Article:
One night this week, one of my physician assistants came to me frustrated that the patient he had gone to see had run him off, saying he wanted another doctor. Matt had addressed two complaints the patient had: difficulty urinating and a nagging cough. When the patient went on to more complaints, including shoulder pain he had been suffering with for over a year, Matt recommended he take up these more chronic problems with his primary care physician. That is when the patient ran Matt off.
It was now my turn. I found an elderly man asleep on a gurney wearing sunglasses and a beret pulled down over his face. I introduced myself and went over his first two problems. When I asked him if he had any other concerns, he told me about his shoulder pain, for which his primary care doctor usually gave him Vicodin. He then said all he wanted was to be treated with sympathy.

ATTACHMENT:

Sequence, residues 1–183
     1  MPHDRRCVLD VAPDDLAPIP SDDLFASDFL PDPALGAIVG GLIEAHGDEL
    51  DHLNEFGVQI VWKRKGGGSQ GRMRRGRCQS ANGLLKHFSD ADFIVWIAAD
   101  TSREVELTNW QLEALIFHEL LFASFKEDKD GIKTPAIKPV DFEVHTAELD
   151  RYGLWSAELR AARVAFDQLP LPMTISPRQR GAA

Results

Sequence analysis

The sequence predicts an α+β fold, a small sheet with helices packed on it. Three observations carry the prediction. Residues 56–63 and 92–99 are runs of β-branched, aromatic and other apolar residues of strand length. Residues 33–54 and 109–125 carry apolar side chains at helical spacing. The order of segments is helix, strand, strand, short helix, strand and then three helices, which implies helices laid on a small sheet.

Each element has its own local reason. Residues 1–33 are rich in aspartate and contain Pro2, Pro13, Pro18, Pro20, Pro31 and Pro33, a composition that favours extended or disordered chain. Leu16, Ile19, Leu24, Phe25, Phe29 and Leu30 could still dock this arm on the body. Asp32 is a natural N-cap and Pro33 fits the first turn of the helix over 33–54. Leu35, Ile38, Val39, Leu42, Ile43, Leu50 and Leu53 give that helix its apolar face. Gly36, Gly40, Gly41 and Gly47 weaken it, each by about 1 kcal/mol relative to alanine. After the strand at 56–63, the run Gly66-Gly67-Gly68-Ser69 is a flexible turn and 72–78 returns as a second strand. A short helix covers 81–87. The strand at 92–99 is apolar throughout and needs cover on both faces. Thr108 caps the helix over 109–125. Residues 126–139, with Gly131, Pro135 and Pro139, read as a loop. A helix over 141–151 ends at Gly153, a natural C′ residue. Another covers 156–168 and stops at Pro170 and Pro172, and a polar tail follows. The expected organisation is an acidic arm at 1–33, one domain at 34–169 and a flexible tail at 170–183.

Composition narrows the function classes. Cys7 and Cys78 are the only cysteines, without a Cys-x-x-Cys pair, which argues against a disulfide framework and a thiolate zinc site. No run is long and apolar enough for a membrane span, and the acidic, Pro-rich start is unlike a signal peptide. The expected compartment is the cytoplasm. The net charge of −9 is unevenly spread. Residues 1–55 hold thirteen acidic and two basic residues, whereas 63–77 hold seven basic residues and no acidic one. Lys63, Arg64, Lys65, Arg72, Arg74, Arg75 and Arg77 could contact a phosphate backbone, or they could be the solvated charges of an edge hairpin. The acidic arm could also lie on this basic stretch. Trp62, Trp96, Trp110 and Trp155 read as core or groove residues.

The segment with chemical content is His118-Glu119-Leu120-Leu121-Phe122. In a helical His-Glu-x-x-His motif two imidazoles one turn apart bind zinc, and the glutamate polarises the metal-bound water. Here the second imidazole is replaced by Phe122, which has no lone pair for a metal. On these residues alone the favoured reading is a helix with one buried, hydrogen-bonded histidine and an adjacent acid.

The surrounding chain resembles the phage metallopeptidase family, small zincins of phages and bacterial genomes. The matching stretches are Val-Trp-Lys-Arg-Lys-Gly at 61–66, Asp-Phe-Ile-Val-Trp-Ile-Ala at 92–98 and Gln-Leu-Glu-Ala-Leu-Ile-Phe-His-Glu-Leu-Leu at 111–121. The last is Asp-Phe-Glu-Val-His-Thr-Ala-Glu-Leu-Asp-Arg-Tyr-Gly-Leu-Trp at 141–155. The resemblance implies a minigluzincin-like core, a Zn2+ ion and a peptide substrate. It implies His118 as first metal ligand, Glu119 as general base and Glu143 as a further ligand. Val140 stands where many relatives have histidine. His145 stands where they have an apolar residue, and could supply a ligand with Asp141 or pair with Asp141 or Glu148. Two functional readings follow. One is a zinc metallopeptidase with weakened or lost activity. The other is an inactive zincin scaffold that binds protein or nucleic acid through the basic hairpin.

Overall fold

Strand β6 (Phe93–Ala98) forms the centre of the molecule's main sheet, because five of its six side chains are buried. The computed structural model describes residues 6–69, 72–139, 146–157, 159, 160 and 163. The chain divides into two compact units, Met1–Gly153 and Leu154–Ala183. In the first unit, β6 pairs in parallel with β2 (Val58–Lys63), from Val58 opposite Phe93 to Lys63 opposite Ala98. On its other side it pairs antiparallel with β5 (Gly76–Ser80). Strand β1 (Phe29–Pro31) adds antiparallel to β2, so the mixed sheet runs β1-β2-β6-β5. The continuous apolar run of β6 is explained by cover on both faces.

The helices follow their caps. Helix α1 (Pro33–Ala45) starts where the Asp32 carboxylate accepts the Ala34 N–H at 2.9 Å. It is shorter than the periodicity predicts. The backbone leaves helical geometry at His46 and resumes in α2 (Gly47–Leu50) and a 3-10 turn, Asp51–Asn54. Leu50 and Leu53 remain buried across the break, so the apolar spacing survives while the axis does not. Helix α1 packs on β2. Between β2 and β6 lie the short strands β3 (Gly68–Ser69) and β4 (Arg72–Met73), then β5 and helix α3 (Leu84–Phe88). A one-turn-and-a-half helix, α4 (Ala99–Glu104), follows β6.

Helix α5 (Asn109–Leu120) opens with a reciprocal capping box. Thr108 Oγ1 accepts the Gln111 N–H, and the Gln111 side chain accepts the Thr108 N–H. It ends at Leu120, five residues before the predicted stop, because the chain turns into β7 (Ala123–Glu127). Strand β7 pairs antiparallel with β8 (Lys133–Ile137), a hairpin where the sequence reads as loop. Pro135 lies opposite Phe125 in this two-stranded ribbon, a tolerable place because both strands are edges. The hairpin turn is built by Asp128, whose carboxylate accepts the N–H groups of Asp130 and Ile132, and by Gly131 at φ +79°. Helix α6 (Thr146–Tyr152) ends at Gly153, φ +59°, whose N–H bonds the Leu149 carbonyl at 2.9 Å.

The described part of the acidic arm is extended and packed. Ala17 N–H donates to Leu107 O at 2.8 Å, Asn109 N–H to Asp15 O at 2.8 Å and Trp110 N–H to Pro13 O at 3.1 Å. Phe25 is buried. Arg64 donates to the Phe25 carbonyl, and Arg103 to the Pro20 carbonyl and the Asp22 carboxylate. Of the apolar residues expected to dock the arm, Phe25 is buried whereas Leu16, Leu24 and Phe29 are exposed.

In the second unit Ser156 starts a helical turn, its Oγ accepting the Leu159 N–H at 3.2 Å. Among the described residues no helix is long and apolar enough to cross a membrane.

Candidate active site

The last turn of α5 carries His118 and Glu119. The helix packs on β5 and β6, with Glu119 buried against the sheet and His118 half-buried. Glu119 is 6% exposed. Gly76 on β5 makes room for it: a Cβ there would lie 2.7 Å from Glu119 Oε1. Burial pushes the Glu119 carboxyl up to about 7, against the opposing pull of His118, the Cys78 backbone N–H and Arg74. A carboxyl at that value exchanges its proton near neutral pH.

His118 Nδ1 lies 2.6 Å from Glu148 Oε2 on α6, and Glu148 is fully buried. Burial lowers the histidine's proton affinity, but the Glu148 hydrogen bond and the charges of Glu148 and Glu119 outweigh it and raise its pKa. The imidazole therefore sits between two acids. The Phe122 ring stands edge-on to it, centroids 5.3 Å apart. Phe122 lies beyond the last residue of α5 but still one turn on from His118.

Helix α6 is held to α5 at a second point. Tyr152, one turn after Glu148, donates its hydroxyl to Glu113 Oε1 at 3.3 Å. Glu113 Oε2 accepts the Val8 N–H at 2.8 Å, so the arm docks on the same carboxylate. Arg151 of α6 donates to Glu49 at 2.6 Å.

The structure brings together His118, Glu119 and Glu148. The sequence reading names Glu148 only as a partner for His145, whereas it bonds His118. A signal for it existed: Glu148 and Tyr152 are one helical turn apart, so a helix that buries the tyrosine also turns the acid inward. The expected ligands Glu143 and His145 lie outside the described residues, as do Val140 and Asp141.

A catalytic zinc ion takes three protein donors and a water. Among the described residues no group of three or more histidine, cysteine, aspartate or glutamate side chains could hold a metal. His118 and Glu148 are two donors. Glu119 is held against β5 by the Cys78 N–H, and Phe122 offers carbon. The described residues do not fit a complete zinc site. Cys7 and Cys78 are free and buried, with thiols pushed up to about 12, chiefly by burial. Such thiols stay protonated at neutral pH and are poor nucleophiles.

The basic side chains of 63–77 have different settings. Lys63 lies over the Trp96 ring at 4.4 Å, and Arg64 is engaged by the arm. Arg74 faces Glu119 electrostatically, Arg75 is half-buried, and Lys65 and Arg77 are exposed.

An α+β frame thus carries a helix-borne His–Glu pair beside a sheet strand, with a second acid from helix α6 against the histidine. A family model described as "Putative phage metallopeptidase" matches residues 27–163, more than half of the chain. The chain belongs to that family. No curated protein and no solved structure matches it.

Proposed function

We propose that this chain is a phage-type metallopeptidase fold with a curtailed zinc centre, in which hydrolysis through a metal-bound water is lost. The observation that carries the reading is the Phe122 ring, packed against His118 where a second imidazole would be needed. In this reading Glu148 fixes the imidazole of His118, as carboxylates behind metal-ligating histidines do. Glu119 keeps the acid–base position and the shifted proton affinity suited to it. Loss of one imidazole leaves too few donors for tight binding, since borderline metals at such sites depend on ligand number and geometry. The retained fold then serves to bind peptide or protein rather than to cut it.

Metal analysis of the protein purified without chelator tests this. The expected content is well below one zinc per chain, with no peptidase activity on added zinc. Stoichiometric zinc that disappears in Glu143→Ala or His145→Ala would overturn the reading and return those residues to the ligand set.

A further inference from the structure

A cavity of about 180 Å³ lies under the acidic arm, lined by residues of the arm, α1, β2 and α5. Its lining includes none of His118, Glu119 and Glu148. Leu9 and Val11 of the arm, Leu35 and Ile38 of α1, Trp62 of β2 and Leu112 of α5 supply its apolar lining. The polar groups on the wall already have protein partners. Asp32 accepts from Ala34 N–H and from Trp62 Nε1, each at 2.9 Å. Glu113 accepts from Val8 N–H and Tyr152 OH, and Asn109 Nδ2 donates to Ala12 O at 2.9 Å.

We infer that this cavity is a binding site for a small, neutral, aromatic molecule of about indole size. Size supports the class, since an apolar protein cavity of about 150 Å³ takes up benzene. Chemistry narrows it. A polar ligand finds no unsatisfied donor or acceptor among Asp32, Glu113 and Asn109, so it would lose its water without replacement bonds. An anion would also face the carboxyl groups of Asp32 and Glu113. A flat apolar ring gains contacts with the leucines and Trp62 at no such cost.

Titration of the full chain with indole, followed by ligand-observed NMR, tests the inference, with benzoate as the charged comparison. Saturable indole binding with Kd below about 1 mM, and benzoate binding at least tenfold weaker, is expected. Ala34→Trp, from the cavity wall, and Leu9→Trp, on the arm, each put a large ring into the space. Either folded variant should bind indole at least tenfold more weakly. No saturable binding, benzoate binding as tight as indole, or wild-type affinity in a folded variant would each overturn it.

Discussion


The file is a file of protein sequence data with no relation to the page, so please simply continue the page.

I asked him if he had come for sympathy or for Vicodin. He calmly answered, “Vicodin would be fine, thank you very much.”
This all took place in the hall right in the busiest part of the emergency department and as soon as he answered my question, I was surrounded by suppressed laughs. I had not intended my question to be comical. I’m sure he didn’t intend his answer to be funny either, but, together, they made everyone laugh. This was especially funny to staff surrounded every day by people looking for opioids for their chronic aches and pains.
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